The following piece of creative nonfiction is part of a series I started on my personal blog a few years ago called “Alphabet: A History,” which is a collection of short, autobiographical vignettes, focusing mainly on relationships (familial, romantic, platonic, and self). I will be publishing the series on Fridays.
My first big-girl bike is classic: hot pink with a banana seat and shiny steamers on the handle bars. In the parking lot outside our high-rise apartment on Yokota Air Base in Japan, my father holds the back of my seat as I pedal unsteadily. It’s a test of patience and stamina for us both, and not at all unlike our driving lessons years later on winding streets in Germany. When my dad lets go and I finally bike with confidence, I don’t want to ever stop. In the evenings after school and work, my whole family bikes together along the tarmac, a seven mile stretch — my dad in the front, my mom in the middle with Allison in a baby seat, and me in the back, my streamers waving in the breeze.
We move so many times — from Japan to Korea to Germany — and somewhere along the way, I stop riding. Worse yet, somewhere along the way, I decide bikes are scary. In Springfield, Missouri, my college friends talk about how bikeable the town is. They pedal around to each other’s houses and the bars downtown and in the summer, they even ride all the way to Fellow’s Lake. I’m convinced I’m a klutz and have no balance and don’t want to look stupid in front of anyone, so I stick with cars. Once, I try rollerblading on campus and I fall three times in five minutes, and declare wheels off-limits for good.
When I’m 24, I move from Missouri to Chicago with my boyfriend. He brings two bikes with him and quickly buys a third. He gets a job making sandwiches at Potbelly and rides the two miles there and back everyday. Soon, he loses 15 pounds and bleaches his hair. In the winter, his shoes and the legs of his pants are covered in salt. He gets promoted once, twice, three times in a year. We move to a bigger apartment.
The lakefront is just three blocks away now and on an early summer evening, I walk over with my boyfriend and two of the bikes. He rides in front and I follow behind, pedalling unsteadily. It’s so crowded on the lake path and I lose my balance and give up right away. “I’ll just meet you back inside,” I yell after him, but I don’t think he even hears me. He’s already off in the distance.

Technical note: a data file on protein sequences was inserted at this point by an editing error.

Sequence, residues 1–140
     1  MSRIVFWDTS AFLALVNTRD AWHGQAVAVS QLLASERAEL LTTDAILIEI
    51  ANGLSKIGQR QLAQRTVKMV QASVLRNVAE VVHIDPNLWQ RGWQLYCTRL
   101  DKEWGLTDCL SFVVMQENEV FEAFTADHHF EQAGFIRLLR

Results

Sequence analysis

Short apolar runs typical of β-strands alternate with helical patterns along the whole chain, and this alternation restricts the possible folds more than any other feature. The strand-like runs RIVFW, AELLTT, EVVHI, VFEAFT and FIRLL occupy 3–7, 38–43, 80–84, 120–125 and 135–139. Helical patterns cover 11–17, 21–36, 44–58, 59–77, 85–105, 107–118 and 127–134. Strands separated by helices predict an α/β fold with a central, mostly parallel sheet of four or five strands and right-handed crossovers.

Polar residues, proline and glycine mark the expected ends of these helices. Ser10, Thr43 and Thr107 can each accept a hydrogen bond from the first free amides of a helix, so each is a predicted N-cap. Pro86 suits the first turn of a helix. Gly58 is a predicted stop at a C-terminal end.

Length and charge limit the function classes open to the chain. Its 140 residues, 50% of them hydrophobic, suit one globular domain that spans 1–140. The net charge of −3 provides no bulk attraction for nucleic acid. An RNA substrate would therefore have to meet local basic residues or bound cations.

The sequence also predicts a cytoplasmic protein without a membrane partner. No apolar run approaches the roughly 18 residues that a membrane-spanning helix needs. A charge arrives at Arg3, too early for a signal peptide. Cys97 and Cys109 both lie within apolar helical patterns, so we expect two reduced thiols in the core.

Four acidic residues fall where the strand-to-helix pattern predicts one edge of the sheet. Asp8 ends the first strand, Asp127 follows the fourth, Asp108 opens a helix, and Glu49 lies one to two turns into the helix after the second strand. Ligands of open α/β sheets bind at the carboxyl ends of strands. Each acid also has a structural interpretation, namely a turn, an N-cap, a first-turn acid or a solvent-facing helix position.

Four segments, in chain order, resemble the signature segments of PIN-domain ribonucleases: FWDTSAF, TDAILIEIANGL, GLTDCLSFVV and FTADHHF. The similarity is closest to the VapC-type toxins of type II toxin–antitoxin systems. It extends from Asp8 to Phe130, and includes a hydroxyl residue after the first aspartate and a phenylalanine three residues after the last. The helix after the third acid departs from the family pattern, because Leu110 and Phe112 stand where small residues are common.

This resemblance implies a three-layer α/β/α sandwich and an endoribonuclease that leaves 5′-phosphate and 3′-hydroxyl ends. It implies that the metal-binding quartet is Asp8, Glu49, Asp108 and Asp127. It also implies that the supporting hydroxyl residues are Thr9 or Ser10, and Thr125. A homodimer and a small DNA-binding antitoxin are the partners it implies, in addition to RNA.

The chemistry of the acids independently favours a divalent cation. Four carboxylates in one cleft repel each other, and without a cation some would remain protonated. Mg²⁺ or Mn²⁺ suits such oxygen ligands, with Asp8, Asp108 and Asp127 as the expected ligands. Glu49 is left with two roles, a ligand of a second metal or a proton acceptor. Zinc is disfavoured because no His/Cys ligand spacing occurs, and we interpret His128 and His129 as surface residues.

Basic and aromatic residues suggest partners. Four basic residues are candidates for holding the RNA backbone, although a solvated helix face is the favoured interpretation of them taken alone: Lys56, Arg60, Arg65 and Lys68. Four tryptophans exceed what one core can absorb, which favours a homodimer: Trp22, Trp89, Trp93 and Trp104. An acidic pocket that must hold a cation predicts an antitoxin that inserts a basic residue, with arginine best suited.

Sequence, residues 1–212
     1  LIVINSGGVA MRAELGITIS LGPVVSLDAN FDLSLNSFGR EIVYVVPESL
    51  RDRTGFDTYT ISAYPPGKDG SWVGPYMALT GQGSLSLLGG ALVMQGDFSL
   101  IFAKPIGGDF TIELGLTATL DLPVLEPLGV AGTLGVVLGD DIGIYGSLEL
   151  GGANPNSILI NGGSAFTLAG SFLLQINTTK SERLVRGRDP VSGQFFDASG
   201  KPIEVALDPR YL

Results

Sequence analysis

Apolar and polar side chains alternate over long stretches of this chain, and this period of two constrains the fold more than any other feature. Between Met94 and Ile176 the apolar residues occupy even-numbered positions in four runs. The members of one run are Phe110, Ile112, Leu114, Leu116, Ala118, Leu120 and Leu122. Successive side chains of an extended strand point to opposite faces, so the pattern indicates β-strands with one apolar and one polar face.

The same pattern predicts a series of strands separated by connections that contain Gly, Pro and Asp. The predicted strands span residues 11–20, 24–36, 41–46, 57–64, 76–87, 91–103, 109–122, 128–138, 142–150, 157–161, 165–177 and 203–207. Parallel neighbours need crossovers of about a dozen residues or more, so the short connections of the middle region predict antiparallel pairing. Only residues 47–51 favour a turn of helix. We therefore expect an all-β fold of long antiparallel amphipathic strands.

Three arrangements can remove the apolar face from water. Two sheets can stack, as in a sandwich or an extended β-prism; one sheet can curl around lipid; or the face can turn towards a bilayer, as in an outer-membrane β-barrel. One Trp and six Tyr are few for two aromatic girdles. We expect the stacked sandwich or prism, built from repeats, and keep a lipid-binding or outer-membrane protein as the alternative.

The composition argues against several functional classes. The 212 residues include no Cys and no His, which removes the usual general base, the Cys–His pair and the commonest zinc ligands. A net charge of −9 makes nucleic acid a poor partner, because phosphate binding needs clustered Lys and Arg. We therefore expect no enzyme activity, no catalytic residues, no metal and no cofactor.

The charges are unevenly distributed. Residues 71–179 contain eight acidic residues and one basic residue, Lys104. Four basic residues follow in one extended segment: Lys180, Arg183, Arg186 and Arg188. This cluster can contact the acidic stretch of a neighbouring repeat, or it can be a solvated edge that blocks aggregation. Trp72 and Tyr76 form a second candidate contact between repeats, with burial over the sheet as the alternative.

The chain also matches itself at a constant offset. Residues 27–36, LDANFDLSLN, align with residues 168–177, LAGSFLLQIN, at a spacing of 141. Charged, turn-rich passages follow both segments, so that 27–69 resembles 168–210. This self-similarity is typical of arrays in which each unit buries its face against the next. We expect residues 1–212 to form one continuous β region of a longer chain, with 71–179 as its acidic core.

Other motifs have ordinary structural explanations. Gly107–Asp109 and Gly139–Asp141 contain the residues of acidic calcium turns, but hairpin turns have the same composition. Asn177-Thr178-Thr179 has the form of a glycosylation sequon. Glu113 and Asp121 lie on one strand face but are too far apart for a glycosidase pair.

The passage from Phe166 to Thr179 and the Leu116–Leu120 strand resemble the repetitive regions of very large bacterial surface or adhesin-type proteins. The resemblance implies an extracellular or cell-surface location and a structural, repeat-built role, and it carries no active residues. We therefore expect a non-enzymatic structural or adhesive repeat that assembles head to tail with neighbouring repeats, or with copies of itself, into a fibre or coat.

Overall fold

“I just saw the perfect bike for you,” my best friend Chad says over the phone late one Spring afternoon. I’m 28 now and single. I’ve been thinking about getting back on the lake path. I go to Brownstone Antiques in Andersonville and see it: it’s turquoise and probably from the early 70’s, with a white wicker basket, a headlight and a rearview mirror. I buy it for $45. I spend the whole summer on my new bike, clunking along with my friends down Damen to Wicker Park and Ukrainian Village, I don’t know what I was so afraid of before. I ride all the way through fall and into early winter when I finally switch back to my car until March.
Two summers later I upgrade to a new bike with more than one gear. I ride through my last months in Chicago, memorizing tree-lined streets and Winnemac Park and routes to all my favorite places. When I think of what I’ll miss most when I move to New York, this is top of the list. The day the movers come, I’m a nervous wreck. I drug the cats for the plane trip, finish packing my bags, sign a check for storage, and clean my apartment. Later, after the movers leave and I’m hailing a cab for the airport, I realize I’ve forgotten my bike. I can picture it now leaning against the wall in the foyer of my old apartment.